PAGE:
December 14, 2015
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Charter schools look for creative lifelines while awaiting legislative fix

After the state Supreme Court declined last month to reconsider its decision shutting down the state’s public charter schools, the Washington Charter School Commission is finalizing plans to dismiss its staff and end operations.

The state’s first charter school, First Place Scholars, announced today that it will go back to being a tuition-free private school, thanks to a grant that will ensure its 106 students can continue learning without disruption.

Most of the state’s other eight public charter schools are still looking for a solution. One possible short-term fix is to keep them open as Alternative Learning Experiences (ALE) under the guidance of an established school district. Eight of the state’s nine charters are exploring setting up a ALE relationship with Mary Walker School District in Stevens County.

That short-term solution, which would let public charter schools continue to be publicly funded, means that the 2016 Legislature has the responsibility to cure the underlying constitutional problem, Opportunity Washington writes.

Sen. Joe Fain, R-Auburn, delves into the public charter school issue with a bit longer version of his popular “57 seconds” explainer videos.

The Spokesman-Review is calling for the Legislature to solve the problem. The Washington State Charter Schools Association also released this television spot, “Keep Schools Open.”

Excel Public Charter School in Kent, which opened its doors to sixth- and seventh-grade students three weeks before the first Supreme Court ruling, will stay open for the rest of the year thanks to donors, according to the Kent Reporter. One parent at Excel said the experience has changed the life of her son.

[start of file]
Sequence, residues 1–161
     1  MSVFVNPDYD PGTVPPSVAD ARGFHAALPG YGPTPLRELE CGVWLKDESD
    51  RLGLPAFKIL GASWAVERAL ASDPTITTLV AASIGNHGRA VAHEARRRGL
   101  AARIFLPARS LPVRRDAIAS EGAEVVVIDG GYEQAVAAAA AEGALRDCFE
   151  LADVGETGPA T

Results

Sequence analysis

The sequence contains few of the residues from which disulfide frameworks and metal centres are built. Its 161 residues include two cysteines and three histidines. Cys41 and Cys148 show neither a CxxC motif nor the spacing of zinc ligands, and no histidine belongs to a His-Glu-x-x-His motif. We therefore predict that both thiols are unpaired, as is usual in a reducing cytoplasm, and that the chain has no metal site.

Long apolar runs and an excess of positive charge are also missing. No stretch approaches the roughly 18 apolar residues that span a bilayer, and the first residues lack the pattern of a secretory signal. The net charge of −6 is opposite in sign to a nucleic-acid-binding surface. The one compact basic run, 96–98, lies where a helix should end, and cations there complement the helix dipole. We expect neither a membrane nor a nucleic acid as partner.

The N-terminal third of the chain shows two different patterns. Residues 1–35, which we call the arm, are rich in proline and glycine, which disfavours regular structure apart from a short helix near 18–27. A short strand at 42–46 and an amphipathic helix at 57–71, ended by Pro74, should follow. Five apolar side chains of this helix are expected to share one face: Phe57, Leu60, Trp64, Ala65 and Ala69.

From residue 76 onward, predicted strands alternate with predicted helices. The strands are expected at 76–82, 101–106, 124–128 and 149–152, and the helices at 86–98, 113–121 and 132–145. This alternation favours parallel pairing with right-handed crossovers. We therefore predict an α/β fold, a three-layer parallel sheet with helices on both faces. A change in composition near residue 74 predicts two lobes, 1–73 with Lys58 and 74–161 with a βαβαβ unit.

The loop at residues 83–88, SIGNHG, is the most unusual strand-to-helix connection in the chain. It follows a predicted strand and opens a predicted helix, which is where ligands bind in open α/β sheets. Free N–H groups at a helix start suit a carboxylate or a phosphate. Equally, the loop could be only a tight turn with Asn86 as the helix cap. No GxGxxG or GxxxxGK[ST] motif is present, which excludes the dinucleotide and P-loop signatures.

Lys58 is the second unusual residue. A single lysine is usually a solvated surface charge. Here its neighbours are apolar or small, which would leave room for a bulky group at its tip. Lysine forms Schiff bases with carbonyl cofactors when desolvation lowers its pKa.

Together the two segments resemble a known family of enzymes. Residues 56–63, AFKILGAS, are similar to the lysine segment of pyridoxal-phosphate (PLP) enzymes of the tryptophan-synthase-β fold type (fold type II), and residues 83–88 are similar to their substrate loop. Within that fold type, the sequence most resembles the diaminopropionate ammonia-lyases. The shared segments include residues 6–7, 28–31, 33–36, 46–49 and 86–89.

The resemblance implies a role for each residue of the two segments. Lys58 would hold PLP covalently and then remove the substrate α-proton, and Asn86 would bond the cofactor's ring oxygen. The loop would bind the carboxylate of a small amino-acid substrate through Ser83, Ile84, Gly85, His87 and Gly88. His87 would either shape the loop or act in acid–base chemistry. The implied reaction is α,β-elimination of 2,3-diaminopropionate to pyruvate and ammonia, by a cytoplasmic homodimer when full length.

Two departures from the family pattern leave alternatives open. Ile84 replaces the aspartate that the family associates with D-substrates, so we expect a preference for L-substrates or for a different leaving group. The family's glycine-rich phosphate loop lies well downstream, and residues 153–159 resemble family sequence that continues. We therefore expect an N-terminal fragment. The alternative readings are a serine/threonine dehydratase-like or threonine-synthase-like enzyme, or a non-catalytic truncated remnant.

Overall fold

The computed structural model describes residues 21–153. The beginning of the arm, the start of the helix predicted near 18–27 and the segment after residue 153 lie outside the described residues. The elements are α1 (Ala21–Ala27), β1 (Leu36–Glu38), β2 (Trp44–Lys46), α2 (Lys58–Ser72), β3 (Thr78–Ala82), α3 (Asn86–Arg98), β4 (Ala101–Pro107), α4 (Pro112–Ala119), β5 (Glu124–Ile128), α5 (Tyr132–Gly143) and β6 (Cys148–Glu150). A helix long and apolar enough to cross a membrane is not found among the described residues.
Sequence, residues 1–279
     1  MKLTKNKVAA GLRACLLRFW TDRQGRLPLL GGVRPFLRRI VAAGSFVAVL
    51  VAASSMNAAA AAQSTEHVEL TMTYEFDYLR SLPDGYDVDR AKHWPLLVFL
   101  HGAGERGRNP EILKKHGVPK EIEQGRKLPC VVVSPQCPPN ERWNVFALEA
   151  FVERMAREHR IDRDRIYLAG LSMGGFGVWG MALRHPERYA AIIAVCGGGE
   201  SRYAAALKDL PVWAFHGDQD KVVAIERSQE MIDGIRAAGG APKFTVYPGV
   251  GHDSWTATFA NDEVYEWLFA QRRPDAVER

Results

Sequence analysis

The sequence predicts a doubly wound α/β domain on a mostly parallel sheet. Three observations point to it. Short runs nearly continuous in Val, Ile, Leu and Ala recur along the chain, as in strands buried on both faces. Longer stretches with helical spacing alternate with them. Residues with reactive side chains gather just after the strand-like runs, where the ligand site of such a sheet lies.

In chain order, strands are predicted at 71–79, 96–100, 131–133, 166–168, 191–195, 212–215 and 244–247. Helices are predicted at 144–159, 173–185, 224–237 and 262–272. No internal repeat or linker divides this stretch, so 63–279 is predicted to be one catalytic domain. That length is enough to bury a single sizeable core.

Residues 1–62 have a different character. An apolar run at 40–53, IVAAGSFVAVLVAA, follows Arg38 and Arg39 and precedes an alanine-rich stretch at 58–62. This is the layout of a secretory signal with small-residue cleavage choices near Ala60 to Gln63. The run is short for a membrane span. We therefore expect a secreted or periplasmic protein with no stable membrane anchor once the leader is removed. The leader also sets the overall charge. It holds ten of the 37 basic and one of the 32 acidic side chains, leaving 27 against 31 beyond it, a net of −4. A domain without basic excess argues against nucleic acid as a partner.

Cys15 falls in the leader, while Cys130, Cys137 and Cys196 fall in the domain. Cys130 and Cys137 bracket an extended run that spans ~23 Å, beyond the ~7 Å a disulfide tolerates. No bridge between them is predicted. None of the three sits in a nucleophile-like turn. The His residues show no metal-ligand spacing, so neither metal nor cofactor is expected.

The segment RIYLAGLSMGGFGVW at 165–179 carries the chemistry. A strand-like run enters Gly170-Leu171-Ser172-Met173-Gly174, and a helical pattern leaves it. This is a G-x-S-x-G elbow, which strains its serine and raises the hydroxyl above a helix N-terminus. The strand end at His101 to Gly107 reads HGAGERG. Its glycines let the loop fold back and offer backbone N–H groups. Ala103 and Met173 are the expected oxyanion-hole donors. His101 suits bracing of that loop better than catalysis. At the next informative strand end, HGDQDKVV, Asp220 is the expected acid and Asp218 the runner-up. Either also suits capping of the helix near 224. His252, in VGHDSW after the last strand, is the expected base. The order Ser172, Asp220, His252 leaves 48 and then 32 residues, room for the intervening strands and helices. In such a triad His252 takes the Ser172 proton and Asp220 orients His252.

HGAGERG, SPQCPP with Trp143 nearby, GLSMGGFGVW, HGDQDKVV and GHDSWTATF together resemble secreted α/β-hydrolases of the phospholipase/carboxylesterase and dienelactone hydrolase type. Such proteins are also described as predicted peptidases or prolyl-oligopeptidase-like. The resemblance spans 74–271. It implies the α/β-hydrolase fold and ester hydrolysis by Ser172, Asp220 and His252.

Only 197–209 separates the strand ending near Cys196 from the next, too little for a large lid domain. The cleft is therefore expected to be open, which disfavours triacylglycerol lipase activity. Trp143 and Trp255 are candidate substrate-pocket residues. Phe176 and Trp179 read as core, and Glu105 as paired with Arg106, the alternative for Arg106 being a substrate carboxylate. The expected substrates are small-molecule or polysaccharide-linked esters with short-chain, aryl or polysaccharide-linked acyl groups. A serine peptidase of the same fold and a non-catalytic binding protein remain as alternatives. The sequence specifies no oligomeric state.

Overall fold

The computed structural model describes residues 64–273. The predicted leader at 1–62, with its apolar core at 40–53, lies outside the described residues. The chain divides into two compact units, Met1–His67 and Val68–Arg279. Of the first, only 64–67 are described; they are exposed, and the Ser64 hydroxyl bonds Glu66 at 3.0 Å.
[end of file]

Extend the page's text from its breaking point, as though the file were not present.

“He is more involved. He understands adult respect, community,” said Susan Scheid about her sixth-grade son. “It taught him a different way of learning. He feels he can learn the rate that he learns.”

For more about public charter schools, contact AWB’s Amy Anderson.

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Leading Without New Top-Down Mandates

Recognize success industries are having in cutting CO2

By Kris Johnson, AWB president, and Daren Konopaski, vice president and business manager for the International Union of Operating Engineers, Local 302

It is true this year's drought and wildfire season wreaked havoc on the state, a point that Gov. Jay Inslee makes while promoting his government-centric carbon emissions reduction plan. But the governor's labeling of those who disagree with the details of his plan as "fear mongers" is not fair.

There is no denying there is more work ahead, but there is also no denying that Washington employers and their employees are already leading the way toward the cleaner future that Gov. Inslee -- and frankly all Washingtonians -- so strongly desire.

Gov. Inslee has continued to say "it's time to lead," but Washington employers and employees are already leading the way toward environmental solutions that work -- without top-down, bureaucratic mandates that raise taxes on everyday citizens but don't solve the problem.

Click here to read the full op-ed in The Herald
Delays Hurt Workers and Economy

State should speed up permits for export docks

By Sen. Tim Sheldon, D-Potlatch

While our neighbors to the north and south of Washington watch their port infrastructure grow and flourish, our state -- the most export-dependent in the nation -- is improbably holding up billions of dollars in private infrastructure development that would only help us compete with California and Canada.

The delay with regard to the export terminal expansions in Bellingham and Longview is patently unacceptable. Proposed projects and potential investments in this state should benefit from a fair, timely and predictable review process. Yet that is not the case with these projects, whose review has been in process for three years and subject to numerous, ongoing delays.

It is one thing to politically disagree with these projects on the basis of exporting a particular commodity -- in this case, coal -- and to express concern over the environmental standards to which these projects must adhere. It is quite another to attempt to bind these projects with endless government bureaucracy and red tape in hopes that the investors will give up and go elsewhere. Our competition is ready and willing to accept new business and is making the needed investments to do so.
Click here to read the full column in The Olympian
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